The Mookse and the Gripes discussion

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Booker Prize for Fiction > 1989 Booker General Discussion

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message 2: by Ang (new)

Ang | 1685 comments The only one I hadn't heard of is Jigsaw, which makes me want to read it. I have only read The Remains of the Day, but I have A Disaffection and Cat's Eye ready on the shelves.


message 3: by Hugh (last edited May 16, 2018 02:11AM) (new)

Hugh (bodachliath) | 3600 comments Mod
Thanks for creating the threads Ang, I have just added a dynamic rankings thread.

I have read three so far: The Remains of the Day, which remains one of my favourite Booker winners, The Book of Evidence, which I read some years ago and enjoyed, though my memory of it is hazy, and Restoration, which was a very entertaining read.

I already had a copy of Cat's Eye thanks to various friend recommendations here, and I am very much looking forward to reading it.

I have just ordered the other two, both of which are still available - I have just read How Late it Was, How Late, which was good enough to persuade me I should read more James Kelman, and Sybille Bedford is new to me.


message 4: by Ang (new)

Ang | 1685 comments I'm a big Kelman fan so looking forward to A Disaffection. They all sound good; it's a good choice of year I think.


message 5: by Val (last edited May 16, 2018 06:43AM) (new)

Val | 1016 comments I have read The Remains of the Day, Cat's Eye, The Book of Evidence and Restoration. I have a feeling that I did not finish A Disaffection for some reason, perhaps it did not grab me enough to persevere with the Glaswegian dialect, unlike How Late it Was How Late. I have heard of Sybille Bedford, but did not realise any of her books counted as fiction.
I have ordered a second-hand copy of Jigsaw and should have copies of all the others somewhere in the house. I will reread all those I manage to find.


message 6: by Sam (new)

Sam | 1713 comments May I ask how long we are keeping the discussion open? I was thinking the poll would be posted and discussion deferred till later in the year.


message 7: by Val (new)

Val | 1016 comments That was one of the options, but more people chose the other option of opening the discussion now and keeping it open until October / November.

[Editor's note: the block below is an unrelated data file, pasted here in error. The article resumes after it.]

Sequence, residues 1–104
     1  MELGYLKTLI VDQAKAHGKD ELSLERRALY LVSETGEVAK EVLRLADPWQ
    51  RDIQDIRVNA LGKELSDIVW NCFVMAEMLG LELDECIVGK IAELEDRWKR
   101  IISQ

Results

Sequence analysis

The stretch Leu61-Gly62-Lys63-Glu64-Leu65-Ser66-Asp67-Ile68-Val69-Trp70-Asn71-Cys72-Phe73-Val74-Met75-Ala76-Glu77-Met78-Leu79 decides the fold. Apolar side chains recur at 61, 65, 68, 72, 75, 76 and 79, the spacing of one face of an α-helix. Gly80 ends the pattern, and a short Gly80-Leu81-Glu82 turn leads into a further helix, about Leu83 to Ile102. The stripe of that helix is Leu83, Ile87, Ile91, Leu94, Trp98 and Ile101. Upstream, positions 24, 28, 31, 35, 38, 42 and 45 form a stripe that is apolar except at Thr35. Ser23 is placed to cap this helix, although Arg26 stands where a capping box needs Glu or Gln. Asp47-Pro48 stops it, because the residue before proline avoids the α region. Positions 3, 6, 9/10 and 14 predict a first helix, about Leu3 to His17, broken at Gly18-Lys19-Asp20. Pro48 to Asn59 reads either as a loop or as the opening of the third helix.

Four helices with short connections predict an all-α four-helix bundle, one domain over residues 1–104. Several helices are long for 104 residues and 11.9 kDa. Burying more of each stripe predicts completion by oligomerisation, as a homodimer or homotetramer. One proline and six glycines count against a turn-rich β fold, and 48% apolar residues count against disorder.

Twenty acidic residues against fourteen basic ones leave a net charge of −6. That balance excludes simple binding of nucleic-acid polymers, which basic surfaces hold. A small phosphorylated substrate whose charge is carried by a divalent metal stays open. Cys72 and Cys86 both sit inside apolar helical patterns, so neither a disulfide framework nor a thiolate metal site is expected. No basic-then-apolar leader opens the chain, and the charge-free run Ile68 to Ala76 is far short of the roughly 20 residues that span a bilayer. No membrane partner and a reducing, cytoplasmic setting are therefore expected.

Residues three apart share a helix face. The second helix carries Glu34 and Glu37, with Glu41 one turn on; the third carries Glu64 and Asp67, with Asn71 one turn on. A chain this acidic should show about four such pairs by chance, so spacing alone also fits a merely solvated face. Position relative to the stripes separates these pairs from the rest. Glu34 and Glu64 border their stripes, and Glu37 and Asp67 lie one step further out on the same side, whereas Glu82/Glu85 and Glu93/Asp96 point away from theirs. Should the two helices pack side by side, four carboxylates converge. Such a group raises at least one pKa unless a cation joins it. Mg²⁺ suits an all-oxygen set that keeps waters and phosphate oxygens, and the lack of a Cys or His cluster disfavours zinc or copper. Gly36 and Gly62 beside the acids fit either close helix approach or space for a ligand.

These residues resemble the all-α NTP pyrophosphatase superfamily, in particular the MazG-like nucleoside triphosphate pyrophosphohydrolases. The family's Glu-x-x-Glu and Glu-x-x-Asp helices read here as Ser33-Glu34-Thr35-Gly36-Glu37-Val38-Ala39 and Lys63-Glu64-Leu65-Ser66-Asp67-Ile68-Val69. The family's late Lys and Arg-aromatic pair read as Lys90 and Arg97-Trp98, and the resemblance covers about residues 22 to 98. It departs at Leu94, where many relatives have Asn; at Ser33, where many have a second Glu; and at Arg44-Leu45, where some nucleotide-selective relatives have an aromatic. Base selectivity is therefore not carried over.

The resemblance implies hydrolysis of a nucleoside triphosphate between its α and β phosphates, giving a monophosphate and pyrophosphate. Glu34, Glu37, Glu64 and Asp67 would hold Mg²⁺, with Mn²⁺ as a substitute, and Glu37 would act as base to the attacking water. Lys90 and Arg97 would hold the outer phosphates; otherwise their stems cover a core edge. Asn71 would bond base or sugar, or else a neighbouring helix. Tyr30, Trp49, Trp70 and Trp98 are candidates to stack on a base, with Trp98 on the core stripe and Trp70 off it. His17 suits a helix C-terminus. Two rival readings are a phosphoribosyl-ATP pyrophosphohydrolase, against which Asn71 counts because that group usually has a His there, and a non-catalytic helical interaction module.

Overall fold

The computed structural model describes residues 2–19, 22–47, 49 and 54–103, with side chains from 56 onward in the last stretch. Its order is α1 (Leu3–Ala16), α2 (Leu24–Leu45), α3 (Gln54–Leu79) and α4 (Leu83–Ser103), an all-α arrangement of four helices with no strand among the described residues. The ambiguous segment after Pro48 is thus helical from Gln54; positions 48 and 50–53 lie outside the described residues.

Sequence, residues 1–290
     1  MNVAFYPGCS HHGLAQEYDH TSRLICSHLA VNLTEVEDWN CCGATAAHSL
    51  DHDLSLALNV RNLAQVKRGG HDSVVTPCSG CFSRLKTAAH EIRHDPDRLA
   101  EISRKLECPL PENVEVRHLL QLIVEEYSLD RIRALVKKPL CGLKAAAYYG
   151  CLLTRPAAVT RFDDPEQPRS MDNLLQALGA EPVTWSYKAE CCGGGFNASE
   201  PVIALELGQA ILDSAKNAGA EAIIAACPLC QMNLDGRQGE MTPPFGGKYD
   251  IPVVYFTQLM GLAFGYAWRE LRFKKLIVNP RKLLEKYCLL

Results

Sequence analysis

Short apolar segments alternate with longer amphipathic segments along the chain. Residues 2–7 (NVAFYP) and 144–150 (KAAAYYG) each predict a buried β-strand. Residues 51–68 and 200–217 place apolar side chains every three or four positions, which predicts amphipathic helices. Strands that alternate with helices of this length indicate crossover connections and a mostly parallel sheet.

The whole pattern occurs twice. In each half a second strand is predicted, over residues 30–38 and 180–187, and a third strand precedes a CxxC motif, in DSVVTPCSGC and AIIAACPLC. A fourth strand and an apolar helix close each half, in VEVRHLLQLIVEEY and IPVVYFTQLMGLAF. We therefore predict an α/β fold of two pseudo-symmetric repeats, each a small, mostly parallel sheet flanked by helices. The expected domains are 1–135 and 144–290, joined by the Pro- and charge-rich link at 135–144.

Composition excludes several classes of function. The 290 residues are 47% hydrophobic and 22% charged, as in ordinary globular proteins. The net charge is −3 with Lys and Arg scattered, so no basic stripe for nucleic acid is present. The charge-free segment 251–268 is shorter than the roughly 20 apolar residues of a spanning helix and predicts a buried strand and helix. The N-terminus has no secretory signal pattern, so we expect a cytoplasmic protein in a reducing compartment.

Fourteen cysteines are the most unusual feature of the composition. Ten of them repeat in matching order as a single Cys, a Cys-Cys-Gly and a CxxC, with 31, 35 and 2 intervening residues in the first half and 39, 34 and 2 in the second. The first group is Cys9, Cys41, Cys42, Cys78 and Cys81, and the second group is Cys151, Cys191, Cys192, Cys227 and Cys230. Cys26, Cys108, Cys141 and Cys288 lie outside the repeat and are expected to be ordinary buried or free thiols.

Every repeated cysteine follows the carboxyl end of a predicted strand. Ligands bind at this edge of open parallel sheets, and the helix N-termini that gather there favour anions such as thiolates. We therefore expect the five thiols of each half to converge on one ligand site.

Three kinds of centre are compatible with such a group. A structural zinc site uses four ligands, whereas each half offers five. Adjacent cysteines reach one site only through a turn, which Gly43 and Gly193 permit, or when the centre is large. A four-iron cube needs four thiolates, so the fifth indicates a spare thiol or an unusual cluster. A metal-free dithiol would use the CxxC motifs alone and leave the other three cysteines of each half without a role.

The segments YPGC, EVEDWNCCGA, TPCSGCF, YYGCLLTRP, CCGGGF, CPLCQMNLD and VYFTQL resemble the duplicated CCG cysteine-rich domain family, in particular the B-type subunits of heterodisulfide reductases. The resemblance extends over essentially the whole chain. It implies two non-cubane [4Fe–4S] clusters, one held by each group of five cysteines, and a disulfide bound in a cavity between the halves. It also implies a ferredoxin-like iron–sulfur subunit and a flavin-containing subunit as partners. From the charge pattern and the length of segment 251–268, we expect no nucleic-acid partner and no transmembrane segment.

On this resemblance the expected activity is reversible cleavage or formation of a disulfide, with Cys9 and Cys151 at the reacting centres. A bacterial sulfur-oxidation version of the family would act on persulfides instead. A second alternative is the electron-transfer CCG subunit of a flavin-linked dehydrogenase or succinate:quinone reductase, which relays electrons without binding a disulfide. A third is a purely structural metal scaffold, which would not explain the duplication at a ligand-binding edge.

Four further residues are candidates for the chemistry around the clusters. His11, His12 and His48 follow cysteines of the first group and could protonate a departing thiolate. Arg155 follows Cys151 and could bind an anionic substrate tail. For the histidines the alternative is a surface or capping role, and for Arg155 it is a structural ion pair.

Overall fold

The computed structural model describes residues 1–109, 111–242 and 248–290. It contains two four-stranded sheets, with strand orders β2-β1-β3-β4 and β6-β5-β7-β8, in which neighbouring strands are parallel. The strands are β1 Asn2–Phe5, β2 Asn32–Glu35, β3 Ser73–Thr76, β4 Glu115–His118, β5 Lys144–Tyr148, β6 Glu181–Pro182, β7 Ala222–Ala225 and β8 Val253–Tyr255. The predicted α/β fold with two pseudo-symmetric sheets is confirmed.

message 8: by Sam (new)

Sam | 1713 comments Val wrote: "That was one of the options, but more people chose the other option of opening the discussion now and keeping it open until October / November."

Thanks Val, i'll probably take my time with the list then.


message 9: by Ang (new)

Ang | 1685 comments I suppose these don't really ever have to end. People can add to the threads any time. We will look at it after the Booker winner for 2018 is announced and perhaps give more time for the 1989 readalong to continue before starting another.


message 10: by Cordelia (new)

Cordelia (anne21) | 124 comments Ang wrote: "I'm a big Kelman fan so looking forward to A Disaffection. They all sound good; it's a good choice of year I think."

Strangely my local library seems to have all of Kelman's books apart from this one. I might have to buy it.


message 11: by Cordelia (new)

Cordelia (anne21) | 124 comments Val wrote: "I have read The Remains of the Day, Cat's Eye, The Book of Evidence and Restoration. I have a feeling that I did not finish A Disaffection for some reason, perhaps it did not grab me enough to pers..."

Bedford's books are sort of a mix of autobiography and fiction. I've read "A Legacy" which is apparently along the same theme as "jigsaw". "Legacy" I found a bit tedious and confusing - too many characters, difficulty keeping track.


message 12: by WndyJW (new)

WndyJW | 6608 comments I'm happy this year was selected. I ordered Jigsaw and A Disaffection. I've read the others, but Im looking forward to rereading them.


message 13: by Dan (new)

Dan I just added my ranking of the four 1989 shortlisted novels that I've read. I read them scattered over the last twenty years: 1989 (Cat's Eye), 1995 (Remains of the Day), and 2012 (A Disaffection, The Book of Evidence). The Ishiguro and Kelman novels made the greatest impressions on me: I usually enjoy both authors. I hope to reread all that I've already read and also read the Bedford and the Tremain, but I expect to fall short until autumn.


message 14: by Hugh (new)

Hugh (bodachliath) | 3600 comments Mod
Cat's Eye is now my second choice. I will try to read the other two before the Booker longlist is announced.


message 15: by Hugh (new)

Hugh (bodachliath) | 3600 comments Mod
With just a few pages of Kelman left to read, this is an impressive longlist, certainly much stronger than 1970! In an ideal world I would reread the Banville, but I can't see myself doing that any time soon. The top five on my list are all good in different ways, and I didn't strongly dislike the sixth.


message 16: by Sam (new)

Sam | 1713 comments Finished 3 and taking a little break before the next 3. I agree with Hugh that this is a strong and enjoyable list. Below is some criteria I'll use to determine my favorite of this year.

Jigsaw was of most interest since the question of whether it is fiction or memoir further begs the question of whether it belonged on the list at the exclusion of Martin Amis', London Fields. I haven't decided yet.


I kept wanting Restoration to reveal more symbolic meaning I could attribute to some of its great images, but found myself still wanting at the end of the reread. I'm also afraid that Robert Downey Jr. is now stuck in my mind as the face of Merivel and I couldn't dislodge it.

Finally, although I love the unreliable narrator, I'm beginning to realize how cliched this device is, especially when relating a story of a murder.

I'll take a little break now before finishing the read of this list.


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